• Steve Jobs • Speaking at the Wall Street Journal’s D8 conference – very frankly in many ways. He touched on a lot of topics in the Q&A segment, noting among other things: He had no idea this e-mail thread was with a dude from ValleyWag, iPhone OS was originally designed for a tablet like the iPad, Adobe made a big stink about Flash only after the iPad’s release, and, well, this. This is the money quote from the whole thing. source

04 Apr 2010 11:50


Politics: Peggy Noonan: The Catholic Church isn’t as all-powerful as it thinks

  • It is damage that will last at least a generation. It is an actual catastrophe, a rolling catastrophe that became public first in the United States, now in Europe. It has lowered the standing, reputation and authority of the church. This will have implications down the road.
  • Wall Street Journal columnist Peggy Noonan • Regarding the crisis the Catholic Church is facing right now, one that’s touched every part of the religion. It’s especially painful on Easter, of all days, to consider this. Noonan makes a key point in her argument: Like Wall Street and legislators in Washington (who have rung up a huge health care bill), higher-ups in the Vatican have considered the Church so powerful as to be invulnerable. And it’s not. And there are consequences. source

04 Apr 2010 10:39


Tech: Early thoughts: The iPad as news curation tool (is it worth it?)

  • Our take? It depends on the app. Right now, the iPad does three things really well. It allows you to surf the Web at nearly the same clip as a laptop, it rules at non-Flash video playback, and it allows you to read the news better than either a newspaper or Web browser. For a 1.0 product, this is polished. But we’re journalism nerds that read a lot of links, so let’s focus our appeal. How is reading and curating news on this thing, anyway? (Hint: Pretty good.)

First: What a good news app needs

  • one A simple format that makes it easier, not harder, to read the news. It’s not a newspaper or a Web site; it’s a little of both
  • two An easy way to share content – you should be able to copy quotes, tweet links, and e-mail articles to a friend (or yourself)
  • three A solid offline reading mode – these apps need to be able to work without a wi-fi connection nearby; all of the apps had this

Second: The best news apps

  • best The Reuters app is
    easy to scan, and
    best-formatted for
    the iPad. It’s also
    the one that tried to
    look least like a
  • great The USA Today
    app has a mix of
    strong readability,
    easy organization,
    and smart uses of
    swiping. It’s nearly
    as good as the
    Reuters app.
  • eh The New York
    app isn’t
    bad, but its body
    type isn’t on the grid. The Wall Street Journal app tends to overreact
    to tiny movements.
  • wtf The Associated
    app went all
    scrapbook with
    their format, which
    is OK – for a
    scrapbook. For
    reading hard news,
    it’s very annoying.

Third: Twitter on the iPad

  • Best balance Twitterrific was designed for the iPad the way that one would expect someone to use an iPad Twitter app. The use of Twitter lists, for example, makes for great news-reading. Less is more in this case.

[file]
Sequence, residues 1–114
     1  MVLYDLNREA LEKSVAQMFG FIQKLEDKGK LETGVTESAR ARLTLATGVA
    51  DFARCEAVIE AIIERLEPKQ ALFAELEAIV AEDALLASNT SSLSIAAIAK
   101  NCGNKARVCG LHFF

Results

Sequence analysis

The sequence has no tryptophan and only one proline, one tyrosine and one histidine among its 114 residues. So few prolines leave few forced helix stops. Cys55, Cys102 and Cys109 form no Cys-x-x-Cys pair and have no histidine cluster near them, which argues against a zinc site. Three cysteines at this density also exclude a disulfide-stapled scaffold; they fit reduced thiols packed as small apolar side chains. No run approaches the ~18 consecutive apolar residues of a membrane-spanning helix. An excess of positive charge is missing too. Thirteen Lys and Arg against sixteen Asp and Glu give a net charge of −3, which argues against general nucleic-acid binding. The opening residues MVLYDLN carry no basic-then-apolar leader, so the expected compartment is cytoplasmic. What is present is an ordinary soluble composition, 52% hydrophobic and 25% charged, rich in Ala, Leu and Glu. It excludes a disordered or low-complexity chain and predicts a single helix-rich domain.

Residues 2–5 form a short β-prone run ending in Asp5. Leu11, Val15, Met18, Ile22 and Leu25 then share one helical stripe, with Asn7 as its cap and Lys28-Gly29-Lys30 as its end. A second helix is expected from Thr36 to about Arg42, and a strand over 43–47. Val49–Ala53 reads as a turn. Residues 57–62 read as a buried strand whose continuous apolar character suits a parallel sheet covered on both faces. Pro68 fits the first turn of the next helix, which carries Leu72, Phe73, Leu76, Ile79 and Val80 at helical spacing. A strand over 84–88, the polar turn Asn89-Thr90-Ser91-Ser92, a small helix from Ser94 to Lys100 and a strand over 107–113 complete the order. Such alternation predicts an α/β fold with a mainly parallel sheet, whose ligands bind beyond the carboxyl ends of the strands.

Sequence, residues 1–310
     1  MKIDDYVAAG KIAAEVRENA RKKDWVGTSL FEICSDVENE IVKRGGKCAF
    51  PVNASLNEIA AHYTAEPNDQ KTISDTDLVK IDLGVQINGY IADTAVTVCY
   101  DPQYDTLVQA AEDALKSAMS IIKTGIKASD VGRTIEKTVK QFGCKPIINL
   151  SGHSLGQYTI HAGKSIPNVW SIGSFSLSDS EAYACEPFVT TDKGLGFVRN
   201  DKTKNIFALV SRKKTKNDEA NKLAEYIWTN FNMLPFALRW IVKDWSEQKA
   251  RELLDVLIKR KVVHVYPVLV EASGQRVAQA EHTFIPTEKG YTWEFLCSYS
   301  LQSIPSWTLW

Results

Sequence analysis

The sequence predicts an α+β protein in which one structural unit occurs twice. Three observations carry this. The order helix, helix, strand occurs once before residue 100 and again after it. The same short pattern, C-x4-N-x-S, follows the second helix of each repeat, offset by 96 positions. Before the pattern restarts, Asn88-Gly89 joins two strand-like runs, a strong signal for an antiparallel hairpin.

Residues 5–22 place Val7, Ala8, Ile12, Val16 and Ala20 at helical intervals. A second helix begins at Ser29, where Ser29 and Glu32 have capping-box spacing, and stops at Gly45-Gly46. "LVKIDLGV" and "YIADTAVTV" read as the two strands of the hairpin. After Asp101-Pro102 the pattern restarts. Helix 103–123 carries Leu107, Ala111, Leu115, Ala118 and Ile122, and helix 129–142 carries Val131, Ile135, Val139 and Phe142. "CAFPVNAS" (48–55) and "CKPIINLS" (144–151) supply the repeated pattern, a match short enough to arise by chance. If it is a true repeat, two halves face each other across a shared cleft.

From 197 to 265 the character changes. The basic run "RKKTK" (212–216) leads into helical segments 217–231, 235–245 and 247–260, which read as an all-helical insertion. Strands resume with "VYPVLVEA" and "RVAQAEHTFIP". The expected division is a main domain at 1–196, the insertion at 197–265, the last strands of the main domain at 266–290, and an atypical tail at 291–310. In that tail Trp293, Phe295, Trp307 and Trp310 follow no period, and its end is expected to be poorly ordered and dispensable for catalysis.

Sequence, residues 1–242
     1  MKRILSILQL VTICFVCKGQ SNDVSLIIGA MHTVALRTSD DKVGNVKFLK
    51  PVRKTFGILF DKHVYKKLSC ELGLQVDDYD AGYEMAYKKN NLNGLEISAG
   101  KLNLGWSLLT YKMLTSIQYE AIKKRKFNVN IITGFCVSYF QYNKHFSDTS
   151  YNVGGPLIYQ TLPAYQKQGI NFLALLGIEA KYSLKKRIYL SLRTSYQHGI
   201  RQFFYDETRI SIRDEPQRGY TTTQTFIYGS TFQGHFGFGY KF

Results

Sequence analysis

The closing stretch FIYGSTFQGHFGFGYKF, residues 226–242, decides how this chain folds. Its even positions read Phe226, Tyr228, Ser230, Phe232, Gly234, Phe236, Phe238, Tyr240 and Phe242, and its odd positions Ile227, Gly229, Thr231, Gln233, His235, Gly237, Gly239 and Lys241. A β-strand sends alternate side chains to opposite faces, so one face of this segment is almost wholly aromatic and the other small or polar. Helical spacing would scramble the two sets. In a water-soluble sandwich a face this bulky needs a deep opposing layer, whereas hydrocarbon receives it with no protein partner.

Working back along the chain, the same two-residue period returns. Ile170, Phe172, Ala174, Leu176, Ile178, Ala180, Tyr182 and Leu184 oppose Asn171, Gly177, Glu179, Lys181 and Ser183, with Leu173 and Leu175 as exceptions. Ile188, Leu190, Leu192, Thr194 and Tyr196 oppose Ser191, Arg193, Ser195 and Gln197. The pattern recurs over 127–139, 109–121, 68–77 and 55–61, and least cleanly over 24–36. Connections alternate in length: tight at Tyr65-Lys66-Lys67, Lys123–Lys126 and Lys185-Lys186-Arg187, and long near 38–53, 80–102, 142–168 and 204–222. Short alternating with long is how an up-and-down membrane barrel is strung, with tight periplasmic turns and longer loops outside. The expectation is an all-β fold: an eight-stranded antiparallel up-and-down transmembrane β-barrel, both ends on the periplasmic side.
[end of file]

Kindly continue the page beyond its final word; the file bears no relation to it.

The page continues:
• Most complex TweetDeck could stand to be a little less complicated right now. It loads too many windows at once and comes across as a bit bloated and overwhelming. A bit more interface furniture to clean up the look would help this greatly.

  • Best mashup As many people know, the EchoFon/Firefox setup is hard to top for reading linked tweets, and TweetBrowser goes a long way to replicate that on the iPad. Only issue: We wish we could hide the feed in the horizontal format.
  • » One side note: Webkit’s skills at rendering the Twitter web apps are mostly pretty good. The web version of Hootsuite is actually better than the iPad-native version of TweetDeck on the iPad. Threadsy also works great, as does the Web version of Seesmic. You’ll have to use a two-finger swipe to navigate, though, which can be cumbersome.

Overall: What did we think?

  • » What we like: It’s a good reading format, and Safari could handle nearly everything we threw at it (except the TinyMCE rich-text editor, which means it sucks for blogging because WordPress uses that). The format is awesome for video and music. Once Hulu and Spotify get apps on here, it’s seriously a one-stop shop. Also, being able to load articles on the device and take it on the wi-fi-less D.C. Metro was downright perfect.
  • » What we don’t like: It can be hard to hold the device upright, especially if you’re not sitting at a table. It’s strange that Apple didn’t consider putting a kickstand on the back. The keyboard is usable but not heavy-duty. Apple should consider putting in (or allowing) additional keyboard setups that make it more usable for typing in HTML. Right now, it’s a serious chore.
  • » What we want to see: Surprisingly, we don’t miss multitasking on the iPad – it actually wasn’t noticeable for most apps. But we think someone needs to create a single app that mixes social media, web browsing and blogging/word processing. TweetBrowser gets the first two down, but WordPress‘ app isn’t designed for this at all. We smell opportunity (eh, Tumblr?).

31 Mar 2010 23:42


Tech: Walt Mossberg: You have to use the iPad to understand its appeal

The influential Wall Street Journal technology reviewer’s take? It’s a great new type of computing device, but with some downsides that don’t sink it. source

29 Mar 2010 11:12


Politics: WSJ illustration: NY Times’ top dude LOOKS LIKE A LAY-DAY!

  • See that face right there in the middle? That’s unmistakably the face of New York Times publisher Arthur Sulzberger. In a story about feminine-looking male faces. In the Wall Street Journal. Did Rupert Murdoch just lay a personal attack on his competition? We think he did. source